Until last year, I was a normal girl, just like you. Then I was diagnosed with leukemia, a form of cancer. Battling a deadly disease has taught me tons about courage, determination and...myself.
My family and I were vacationing in Cabo San Lucas, Mexico, and that's when it started. I didn't feel well, and I figured it was the heat. But on the plane back home, I was nauseated and freezing cold. The next day, my temperature was 103 degrees. My mom took me to my pediatrician, who gave me a blood test. He thought I had mono but wouldn't have the test results for a week.
By the end of the week, I was worse. I'd lost weight, and I was dehydrated. I had the most unbelievably painful leg cramps. I couldn't stop crying. My parents gave me hot compresses, cold compresses, massages--nothing helped. After three days, the cramps went away but, that same night, my nose bled and wouldn't stop. The tissues were soaked, and blood clots were coming from my nose. By the time I saw the doctor that morning, I'd been bleeding for seven hours. I was incredibly weak--when I stood up to get weighed, I collapsed. I'd lost 12 pounds in seven days. After my exam, the doctor called my mom. He was concerned I might have leukemia.
THIS CAN'T BE HAPPENING!
I knew leukemia was a form of cancer because one of my teachers had a daughter who died from it. I was more frightened than I'd ever been. My doctor sent us to a special hospital in Phoenix, over two hours from home, where I met with doctors who did lots of scary tests. Later, the doctors took us into a conference room. It was confirmed. I had leukemia.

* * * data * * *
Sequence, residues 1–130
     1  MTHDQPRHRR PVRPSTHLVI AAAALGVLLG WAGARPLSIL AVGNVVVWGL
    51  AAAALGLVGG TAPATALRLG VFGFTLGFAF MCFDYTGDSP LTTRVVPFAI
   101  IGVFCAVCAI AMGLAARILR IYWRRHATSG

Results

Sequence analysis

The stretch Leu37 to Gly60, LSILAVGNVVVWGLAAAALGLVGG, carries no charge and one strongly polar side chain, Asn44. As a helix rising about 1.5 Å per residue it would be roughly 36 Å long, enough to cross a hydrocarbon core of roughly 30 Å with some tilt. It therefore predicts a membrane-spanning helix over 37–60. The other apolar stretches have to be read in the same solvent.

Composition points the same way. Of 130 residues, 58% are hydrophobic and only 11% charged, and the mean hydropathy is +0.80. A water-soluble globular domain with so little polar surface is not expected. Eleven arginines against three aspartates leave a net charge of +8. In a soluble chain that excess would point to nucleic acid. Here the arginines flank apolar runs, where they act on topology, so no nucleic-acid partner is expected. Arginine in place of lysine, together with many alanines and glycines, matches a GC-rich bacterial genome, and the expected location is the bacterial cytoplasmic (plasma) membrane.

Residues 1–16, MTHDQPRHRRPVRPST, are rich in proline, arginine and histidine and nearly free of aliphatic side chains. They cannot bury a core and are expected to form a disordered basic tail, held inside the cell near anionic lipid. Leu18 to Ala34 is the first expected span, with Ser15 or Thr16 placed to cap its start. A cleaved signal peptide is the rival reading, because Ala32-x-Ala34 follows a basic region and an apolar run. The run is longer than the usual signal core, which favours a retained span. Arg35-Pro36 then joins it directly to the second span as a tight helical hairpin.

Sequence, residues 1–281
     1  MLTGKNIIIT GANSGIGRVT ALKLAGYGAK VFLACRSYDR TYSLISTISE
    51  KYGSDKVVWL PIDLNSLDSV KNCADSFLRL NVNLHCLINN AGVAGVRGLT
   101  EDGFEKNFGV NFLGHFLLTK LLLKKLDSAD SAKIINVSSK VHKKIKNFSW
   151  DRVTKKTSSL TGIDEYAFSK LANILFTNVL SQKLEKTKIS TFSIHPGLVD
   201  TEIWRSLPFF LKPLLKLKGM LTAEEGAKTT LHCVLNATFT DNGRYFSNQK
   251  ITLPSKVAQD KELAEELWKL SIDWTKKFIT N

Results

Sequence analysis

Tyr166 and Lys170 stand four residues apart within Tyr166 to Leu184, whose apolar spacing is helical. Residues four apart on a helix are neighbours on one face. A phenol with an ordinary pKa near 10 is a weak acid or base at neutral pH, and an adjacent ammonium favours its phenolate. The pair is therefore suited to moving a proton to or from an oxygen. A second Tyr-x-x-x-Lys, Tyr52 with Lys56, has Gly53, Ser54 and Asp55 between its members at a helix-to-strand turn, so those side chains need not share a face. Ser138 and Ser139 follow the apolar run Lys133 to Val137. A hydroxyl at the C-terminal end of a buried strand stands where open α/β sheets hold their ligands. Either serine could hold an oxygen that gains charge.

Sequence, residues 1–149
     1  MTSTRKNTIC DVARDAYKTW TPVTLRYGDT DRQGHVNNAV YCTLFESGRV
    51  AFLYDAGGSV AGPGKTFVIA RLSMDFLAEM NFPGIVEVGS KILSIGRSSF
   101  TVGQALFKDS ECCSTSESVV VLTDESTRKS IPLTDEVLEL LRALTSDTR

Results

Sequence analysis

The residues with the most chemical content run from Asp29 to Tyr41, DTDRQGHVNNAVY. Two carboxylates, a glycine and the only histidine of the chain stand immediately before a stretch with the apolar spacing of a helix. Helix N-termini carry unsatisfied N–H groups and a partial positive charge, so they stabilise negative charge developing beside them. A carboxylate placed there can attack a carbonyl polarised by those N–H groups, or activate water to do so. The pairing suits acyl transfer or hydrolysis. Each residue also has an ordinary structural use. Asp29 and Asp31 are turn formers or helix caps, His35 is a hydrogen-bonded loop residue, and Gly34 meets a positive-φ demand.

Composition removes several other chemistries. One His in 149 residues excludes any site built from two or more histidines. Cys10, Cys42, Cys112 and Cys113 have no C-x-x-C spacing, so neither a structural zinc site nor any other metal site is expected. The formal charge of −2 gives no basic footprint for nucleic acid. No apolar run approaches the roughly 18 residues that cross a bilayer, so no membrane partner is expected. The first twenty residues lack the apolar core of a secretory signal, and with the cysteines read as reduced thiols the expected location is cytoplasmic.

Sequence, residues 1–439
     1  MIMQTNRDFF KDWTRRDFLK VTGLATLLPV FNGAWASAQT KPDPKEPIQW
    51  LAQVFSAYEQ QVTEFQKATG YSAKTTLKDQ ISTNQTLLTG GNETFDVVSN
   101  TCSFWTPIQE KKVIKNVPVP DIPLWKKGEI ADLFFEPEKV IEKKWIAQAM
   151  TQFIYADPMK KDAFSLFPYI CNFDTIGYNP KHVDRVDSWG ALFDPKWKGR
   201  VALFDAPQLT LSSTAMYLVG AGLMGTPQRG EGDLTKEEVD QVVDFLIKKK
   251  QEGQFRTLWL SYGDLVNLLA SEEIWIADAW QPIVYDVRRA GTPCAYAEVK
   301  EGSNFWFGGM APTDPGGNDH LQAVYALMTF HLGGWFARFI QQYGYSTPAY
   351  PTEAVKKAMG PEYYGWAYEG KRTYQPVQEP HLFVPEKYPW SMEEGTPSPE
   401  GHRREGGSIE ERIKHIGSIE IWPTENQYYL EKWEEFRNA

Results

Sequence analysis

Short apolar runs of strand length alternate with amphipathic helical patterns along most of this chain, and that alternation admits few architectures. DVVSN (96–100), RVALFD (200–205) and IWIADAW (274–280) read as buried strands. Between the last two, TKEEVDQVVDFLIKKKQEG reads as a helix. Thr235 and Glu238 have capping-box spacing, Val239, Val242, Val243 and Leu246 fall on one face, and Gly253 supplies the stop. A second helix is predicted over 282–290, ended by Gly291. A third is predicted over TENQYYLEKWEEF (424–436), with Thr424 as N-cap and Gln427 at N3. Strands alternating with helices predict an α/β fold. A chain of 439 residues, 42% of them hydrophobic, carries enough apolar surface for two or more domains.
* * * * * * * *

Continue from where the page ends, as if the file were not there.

My cancer specialist explained that I needed chemotherapy. My stomach dropped. My first question was, "Am I going to lose my hair?"
The answer was, "Yes." I thought, 'It's taken me years to grow my hair long, and now I'm going to lose it!' But I knew it was a small price to pay. I started intensive chemo, which involved injecting very strong chemicals into my bloodstream to kill the cancer. It made me so exhausted that I slept all the time. I also took steroids, which made me grumpy. My aunt called them "PMS pills" because I'd blurt out mean things and couldn't control it. The steroids also caused my face and stomach to swell, so not only did I feel sick, I felt ugly.
After two weeks in the hospital, I went home. The thought of watching my hair fall out little by little was too awful, so my aunt came up with the idea to have a hair-cutting party. Six friends came over and they were each going to cut a piece of my hair and write something about me. My sister went first, and I was like, "No! Don't cut it!" I got tired before they could finish, so I fell asleep with half my hair short and half long.
A week later, the drain clogged while I was in the shower. I looked down and saw an enormous clump of hair. When I got out of the shower, I left a trail of hair everywhere. I was going bald! I went to my mom, crying, and that night, she shaved off the rest of my hair.
Two weeks later, I had a grand mal seizure. I temporarily lost consciousness, fell down and my entire body convulsed. My mom immediately called 911. On the way to the hospital, I had another seizure, and I couldn't breathe. My mom was sure I might die.